Feature: W. H. Auden, Great Walking Poet

Coming across Auden's place in Brooklyn Heights reminded me that I knew little of his poems. I did remember As I Walked Out One Evening:
As I walked out one evening,
Walking down Bristol Street,
The crowds upon the pavement
Were fields of harvest wheat.


When I looked up some more Auden poems, I saw more references to walking. This, from Two Songs for Hedli Anderson,
O the valley in the summer where I and my John
Beside the deep river would walk on and on
While the flowers at our feet and the birds up above
Argued so sweetly on reciprocal love,
And I leaned on his shoulder; 'O Johnny, let's play':
But he frowned like thunder and he went away.


Or this, from Musée des Beaux Arts,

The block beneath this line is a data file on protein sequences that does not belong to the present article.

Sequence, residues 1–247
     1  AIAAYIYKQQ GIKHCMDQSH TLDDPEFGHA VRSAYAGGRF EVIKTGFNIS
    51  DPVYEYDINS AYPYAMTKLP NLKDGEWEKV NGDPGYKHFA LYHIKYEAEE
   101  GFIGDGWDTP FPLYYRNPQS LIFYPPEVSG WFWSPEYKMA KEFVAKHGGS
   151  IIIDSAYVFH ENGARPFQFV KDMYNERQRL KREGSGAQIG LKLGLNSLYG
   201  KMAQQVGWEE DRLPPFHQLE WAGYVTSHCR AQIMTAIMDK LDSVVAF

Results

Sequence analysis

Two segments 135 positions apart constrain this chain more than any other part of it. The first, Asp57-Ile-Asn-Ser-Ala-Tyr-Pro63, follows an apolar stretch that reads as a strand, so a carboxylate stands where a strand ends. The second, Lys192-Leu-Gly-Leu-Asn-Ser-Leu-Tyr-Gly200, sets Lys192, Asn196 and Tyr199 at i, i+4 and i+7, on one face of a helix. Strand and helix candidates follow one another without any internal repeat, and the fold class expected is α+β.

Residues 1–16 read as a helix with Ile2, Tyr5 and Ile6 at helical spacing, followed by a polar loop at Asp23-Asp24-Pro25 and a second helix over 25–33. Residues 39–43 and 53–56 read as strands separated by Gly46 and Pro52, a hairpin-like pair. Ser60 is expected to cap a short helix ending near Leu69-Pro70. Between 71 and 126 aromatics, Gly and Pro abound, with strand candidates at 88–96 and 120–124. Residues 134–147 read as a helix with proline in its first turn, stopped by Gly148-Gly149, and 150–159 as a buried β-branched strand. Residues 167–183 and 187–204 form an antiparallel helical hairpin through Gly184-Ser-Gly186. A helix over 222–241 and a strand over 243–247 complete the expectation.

About suffering they were never wrong,
The Old Masters; how well, they understood
Its human position; how it takes place
While someone else is eating or opening a window or just walking dully along;


W. H. Auden, now an officially endorsed poet of Walking Off the Big Apple!

If you find another poet with many references to walking, please send in your nominations or leave a comment. The officially endorsed poet should be one we all studied in high school or college.

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